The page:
So that being the case, do you think the internet has taken away the mystique of being in a big band for young people today ? Do we know too much about our heroes in 2016? “Yes, that as well, sort of. I don’t know if it ruins the mystique as much as takes away the excitement and anticipation. There wasn’t a proper record shop in my town (Lampeter in West Wales) when I was growing up so to get the latest release you’d have to wait til Saturday for a day off school and get a bus to the nearest big town, Carmarthen, Aberystwyth or if we really wanted to hit the big time… Swansea!! That anticipation, waiting for Saturday to hear a new album is gone when you can find the whole album online before it’s released, skip through tracks and be bored of it in twenty minutes. I think that finding our heroes on social media, reading their thoughts and sending them a message here and there is just amazing. Gene Simmons once personally told me to “get a life”, after I wrote a particularly stupid article about him online. The fact that he had typed “Dear Chris” into his keyboard just made my day! That kind of thing didn’t happen often before the internet revolution”.
Were you a big festival goer as a junior headbanger? “I’d been to a few hippy type festivals with my Mum as a kid, she took me to Glastonbury in the seventies while I was still in primary school. But the first festival I went to by my own choice was Donington Monsters of Rock 1984. AC/DC, Van Halen with David Lee Roth, Ozzy with Jake E Lee, Gary Moore, Y&T, Accept and Mötley Crüe opening on the Shout At The Devil tour. Looking back it was probably the best festival line up I ever saw”.
Possibly the best festival lineup of all time! How hard or easy was it for you to get to big gigs growing up? Would you have hitched hundreds of miles to see your favourite bands if necessary? “Yep, or cycle. Me and my mate Matthew cycled to Donington from Wales. It took us a few days but it was worth it. Then I started hitching to London for gigs”.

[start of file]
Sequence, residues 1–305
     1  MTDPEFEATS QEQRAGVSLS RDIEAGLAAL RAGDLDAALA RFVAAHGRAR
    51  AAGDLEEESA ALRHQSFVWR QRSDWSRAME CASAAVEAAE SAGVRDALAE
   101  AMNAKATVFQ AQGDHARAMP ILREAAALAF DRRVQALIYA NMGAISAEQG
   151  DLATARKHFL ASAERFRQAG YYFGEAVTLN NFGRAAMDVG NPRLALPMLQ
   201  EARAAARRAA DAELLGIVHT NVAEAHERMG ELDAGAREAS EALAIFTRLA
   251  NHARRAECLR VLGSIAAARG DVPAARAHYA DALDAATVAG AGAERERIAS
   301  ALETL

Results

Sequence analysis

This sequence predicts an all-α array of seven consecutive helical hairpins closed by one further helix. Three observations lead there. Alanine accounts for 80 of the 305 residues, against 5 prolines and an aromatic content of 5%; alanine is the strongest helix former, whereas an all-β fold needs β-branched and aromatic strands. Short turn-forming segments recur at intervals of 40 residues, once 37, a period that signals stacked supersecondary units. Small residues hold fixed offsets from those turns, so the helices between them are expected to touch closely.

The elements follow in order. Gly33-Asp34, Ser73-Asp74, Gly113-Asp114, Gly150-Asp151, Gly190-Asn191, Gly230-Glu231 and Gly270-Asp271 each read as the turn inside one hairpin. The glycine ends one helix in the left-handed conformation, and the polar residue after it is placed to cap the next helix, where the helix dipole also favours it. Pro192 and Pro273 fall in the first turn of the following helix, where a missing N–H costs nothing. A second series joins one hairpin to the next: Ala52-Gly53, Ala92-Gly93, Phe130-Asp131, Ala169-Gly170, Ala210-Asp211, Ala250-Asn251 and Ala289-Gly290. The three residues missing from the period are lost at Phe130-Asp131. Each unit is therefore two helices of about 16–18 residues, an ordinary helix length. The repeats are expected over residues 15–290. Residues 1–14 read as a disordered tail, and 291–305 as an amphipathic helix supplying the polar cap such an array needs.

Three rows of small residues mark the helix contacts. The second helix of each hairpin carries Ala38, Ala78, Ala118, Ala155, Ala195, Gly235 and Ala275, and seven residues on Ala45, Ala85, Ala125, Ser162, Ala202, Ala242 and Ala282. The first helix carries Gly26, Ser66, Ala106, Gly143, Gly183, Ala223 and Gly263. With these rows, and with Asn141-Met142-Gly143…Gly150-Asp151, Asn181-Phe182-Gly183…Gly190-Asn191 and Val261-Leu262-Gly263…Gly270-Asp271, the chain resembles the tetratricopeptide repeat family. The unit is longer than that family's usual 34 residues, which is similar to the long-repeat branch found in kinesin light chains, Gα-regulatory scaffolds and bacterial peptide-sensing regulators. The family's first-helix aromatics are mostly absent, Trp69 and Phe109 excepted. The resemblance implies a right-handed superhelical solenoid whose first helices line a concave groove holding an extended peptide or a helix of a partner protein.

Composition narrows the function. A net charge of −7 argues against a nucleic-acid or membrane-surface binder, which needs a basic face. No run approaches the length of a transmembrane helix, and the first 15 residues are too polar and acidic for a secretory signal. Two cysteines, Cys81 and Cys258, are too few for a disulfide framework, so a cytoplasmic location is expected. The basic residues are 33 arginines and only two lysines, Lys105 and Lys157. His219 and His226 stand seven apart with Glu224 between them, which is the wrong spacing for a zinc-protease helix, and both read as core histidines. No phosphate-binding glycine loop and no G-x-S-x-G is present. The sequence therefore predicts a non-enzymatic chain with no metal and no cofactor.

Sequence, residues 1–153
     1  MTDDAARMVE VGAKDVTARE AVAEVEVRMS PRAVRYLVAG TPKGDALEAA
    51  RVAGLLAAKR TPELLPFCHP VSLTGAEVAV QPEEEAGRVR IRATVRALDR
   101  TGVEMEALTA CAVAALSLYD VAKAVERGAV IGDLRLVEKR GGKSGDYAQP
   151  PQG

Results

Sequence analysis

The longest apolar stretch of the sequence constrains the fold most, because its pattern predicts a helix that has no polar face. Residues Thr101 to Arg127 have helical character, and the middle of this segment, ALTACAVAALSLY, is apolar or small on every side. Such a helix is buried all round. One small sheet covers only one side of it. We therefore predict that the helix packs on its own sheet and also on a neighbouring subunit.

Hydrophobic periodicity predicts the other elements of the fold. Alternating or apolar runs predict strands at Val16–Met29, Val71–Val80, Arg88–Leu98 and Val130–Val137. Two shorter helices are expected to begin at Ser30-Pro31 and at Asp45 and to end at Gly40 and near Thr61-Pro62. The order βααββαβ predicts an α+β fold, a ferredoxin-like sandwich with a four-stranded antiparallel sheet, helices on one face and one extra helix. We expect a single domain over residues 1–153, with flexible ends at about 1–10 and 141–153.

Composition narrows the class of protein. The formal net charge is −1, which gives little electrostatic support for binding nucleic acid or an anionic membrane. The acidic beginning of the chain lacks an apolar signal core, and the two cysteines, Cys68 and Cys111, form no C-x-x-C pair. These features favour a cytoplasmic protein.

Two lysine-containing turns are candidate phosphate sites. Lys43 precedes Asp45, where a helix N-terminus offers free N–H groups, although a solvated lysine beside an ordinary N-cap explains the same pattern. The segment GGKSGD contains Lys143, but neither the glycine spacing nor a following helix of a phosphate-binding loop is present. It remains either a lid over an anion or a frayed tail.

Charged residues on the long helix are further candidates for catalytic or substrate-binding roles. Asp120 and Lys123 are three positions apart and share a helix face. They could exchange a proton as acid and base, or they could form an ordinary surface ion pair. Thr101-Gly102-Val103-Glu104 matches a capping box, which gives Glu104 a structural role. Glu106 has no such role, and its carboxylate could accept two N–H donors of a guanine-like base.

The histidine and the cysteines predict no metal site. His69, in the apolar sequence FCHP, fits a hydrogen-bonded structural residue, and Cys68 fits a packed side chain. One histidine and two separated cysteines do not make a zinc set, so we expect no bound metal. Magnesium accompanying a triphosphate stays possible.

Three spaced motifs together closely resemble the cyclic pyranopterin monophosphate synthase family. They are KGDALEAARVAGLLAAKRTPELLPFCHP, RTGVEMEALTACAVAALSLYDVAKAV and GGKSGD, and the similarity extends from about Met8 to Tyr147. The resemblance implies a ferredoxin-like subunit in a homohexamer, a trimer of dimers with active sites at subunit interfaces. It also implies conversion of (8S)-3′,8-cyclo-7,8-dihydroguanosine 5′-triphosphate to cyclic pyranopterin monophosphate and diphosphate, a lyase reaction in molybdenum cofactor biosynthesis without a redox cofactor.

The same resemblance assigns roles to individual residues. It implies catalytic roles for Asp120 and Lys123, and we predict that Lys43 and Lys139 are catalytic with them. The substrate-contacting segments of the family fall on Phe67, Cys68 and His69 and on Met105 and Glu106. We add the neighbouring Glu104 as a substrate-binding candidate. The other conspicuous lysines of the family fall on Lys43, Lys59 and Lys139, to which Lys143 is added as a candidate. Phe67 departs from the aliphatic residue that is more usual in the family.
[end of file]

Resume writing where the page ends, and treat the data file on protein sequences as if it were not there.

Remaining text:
Yep. Hitching to gigs was a way of life in ‘the good old days’… What five albums have stayed with you since your formative metal years? “All those early albums have stayed with me, Kiss, Maiden, AC/DC, Motörhead‘s Iron Fist, Ozzy- Diary of a Madman… I was lucky enough to be getting into metal in its golden age. My musical taste hasn’t really evolved since”.
Good man. Neither has mine. Talking of taste, did you have a metal crush? I had lifesize posters of Lee Aaron and Doro Pesch on my ceiling in 1986… “All the usual, yes, Doro, Lee Aaron and Rock Goddess. Funnily enough, much later I dated Jodie Turner from Rock Goddess for a while. Lovely girl but it was a bit odd, going out with someone that you’d had posters of on your wall… I remember that life size Doro poster though! I was sharing a house with another mate of mine from Wales, Geraint. He had his girlfriend visiting from Swansea. When he went out to meet her at the train station, we put the Doro poster on the ceiling above his bed. They would have been midway through their first pump when she saw it…”
Strange that we seem to have lived a parallel existence… Anything else you’d like to reveal about your metal upbringing? “That was kind of it for me. Those first few albums and gigs got me suckered in. Matthew and a couple of other mates in school, Edwin and Hobbs started playing guitar. I joined in with great enthusiasm but little talent at first, so I played bass. I played all day every day (the neighbours loved that too!), we did local gigs, recorded a demo and like every good metal band, we designed logos for our bands on school book covers. Every spare moment went into metal. When I left school I moved to London to see see the bright lights, go to more gigs and join a band. I’ve not looked back since…”